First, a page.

No, I don’t “admit” that. To admit something is to reluctantly agree with it. There is no reluctance in my agreement that there are plenty of impartial voting services that we could choose from (if we wanted to use one).

    And, as I said, at no time did I say otherwise.

     

    Regarding those impartial balloting services, Richard’s is not one of them, for this poll.

    Richard says:

    My other main point was that Michael described the “ITC” counting method as if it were the only reasonable way to count ranked ballots.

    [endquote]

     

    No, I didn’t. What count method is “reasonable” for someone depends on what properties that person wants. I told why ICT is suitable for our poll.

    Richard can reasonably use one or more different coulnt methods, if he seeks different properties.

    Richard says:

    A few days ago Michael published another article (here in the Democracy Chronicles) in which he clarifies that there are other Condorcet-compliant counting methods. Bravo!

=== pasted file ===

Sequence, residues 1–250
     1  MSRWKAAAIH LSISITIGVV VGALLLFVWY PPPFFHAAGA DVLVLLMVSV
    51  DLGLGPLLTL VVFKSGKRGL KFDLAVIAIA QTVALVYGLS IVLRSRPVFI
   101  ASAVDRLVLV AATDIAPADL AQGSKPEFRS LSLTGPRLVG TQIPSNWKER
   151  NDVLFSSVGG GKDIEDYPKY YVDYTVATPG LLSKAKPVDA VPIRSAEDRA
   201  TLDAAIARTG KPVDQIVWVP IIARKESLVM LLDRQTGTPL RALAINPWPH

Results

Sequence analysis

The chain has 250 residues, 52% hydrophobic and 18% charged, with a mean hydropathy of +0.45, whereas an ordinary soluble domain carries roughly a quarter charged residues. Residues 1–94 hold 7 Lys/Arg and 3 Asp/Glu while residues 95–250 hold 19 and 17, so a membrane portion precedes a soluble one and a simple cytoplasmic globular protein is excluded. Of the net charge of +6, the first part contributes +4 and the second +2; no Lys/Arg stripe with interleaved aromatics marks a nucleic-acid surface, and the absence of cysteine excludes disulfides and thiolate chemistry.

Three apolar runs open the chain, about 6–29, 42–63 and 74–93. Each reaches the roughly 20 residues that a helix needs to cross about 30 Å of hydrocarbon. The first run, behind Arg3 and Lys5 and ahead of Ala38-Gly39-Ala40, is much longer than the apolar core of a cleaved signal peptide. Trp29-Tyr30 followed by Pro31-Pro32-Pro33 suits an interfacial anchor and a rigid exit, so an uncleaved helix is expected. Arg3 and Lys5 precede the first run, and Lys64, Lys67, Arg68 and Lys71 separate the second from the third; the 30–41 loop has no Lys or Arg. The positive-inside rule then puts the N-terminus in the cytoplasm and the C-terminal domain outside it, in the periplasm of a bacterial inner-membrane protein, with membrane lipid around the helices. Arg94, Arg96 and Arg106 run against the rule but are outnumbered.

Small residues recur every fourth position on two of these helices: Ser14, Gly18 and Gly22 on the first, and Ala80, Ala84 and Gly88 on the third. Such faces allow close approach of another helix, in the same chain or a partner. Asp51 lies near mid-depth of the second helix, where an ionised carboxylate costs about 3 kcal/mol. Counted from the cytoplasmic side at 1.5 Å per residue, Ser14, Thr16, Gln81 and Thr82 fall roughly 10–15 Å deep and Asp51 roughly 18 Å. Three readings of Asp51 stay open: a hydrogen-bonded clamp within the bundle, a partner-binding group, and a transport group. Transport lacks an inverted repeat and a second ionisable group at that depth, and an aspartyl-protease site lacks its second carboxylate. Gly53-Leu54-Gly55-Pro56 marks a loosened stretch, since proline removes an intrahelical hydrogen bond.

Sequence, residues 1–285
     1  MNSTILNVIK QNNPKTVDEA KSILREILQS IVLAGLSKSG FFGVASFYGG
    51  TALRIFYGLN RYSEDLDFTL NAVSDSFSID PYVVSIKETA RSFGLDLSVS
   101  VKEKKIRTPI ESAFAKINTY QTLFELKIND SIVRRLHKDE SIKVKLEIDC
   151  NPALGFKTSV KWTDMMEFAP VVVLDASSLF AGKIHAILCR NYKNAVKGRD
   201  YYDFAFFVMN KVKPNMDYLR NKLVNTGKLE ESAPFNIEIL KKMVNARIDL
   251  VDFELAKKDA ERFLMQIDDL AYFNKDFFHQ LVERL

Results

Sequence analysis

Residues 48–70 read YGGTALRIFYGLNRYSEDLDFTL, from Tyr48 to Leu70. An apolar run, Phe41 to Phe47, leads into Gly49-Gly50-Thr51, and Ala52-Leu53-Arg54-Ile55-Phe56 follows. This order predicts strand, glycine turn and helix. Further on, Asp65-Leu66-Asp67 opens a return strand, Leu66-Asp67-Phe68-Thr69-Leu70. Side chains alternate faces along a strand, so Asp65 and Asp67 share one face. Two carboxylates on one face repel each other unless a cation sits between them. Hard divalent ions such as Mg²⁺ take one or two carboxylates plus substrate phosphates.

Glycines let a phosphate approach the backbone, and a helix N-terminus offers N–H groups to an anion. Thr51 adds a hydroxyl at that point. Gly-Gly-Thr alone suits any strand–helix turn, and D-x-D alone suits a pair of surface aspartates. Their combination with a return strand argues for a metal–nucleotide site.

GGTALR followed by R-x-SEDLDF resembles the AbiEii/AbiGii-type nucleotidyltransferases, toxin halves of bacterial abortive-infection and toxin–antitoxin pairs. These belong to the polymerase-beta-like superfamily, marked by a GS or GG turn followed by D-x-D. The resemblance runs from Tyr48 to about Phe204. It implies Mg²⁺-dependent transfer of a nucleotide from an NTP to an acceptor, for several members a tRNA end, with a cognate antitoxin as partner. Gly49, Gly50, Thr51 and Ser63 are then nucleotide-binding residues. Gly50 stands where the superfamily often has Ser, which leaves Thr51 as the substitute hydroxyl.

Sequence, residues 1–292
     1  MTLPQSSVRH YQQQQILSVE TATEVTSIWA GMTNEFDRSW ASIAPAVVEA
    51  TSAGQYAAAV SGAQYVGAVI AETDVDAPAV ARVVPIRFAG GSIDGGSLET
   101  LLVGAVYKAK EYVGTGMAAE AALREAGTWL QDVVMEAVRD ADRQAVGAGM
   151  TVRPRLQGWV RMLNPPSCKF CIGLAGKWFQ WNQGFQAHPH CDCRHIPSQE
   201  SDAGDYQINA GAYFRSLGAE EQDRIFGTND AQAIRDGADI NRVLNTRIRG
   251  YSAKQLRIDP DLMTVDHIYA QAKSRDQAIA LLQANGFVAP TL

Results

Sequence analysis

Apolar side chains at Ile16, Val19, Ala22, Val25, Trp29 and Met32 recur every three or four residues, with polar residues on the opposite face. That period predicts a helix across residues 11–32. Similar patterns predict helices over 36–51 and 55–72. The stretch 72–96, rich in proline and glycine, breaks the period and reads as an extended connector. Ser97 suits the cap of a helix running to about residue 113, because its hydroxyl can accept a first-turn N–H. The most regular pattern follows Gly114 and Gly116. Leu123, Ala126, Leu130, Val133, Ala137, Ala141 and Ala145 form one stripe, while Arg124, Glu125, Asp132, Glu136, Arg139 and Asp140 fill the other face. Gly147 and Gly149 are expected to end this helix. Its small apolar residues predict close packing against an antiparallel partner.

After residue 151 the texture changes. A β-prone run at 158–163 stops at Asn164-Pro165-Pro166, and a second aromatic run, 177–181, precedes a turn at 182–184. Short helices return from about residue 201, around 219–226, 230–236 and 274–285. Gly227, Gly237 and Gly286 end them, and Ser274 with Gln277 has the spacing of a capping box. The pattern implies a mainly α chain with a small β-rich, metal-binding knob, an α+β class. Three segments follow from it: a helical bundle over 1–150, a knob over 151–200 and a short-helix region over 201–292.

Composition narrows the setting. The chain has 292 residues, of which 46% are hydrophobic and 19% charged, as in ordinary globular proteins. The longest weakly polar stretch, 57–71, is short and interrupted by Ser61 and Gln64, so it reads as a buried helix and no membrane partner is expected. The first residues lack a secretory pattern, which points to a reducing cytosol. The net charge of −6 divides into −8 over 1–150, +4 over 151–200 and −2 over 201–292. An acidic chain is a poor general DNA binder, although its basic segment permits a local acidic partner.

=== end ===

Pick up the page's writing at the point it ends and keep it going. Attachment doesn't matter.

[endquote]

    I was discussing the use of Condorcet’s Criterion (CC) with different meanings for the verb “beats”. And I discussed the ordinary unimproved Condorcet versions that use a different meaning of “beats” than does ICT.

    Richard says:

    Now I can finally, in the proper context, make the point I would like to have been able to introduce initially.

    In a real election, where there are thousands of voters, the different Condorcet counting methods are all likely to produce the same results.

    [endquote]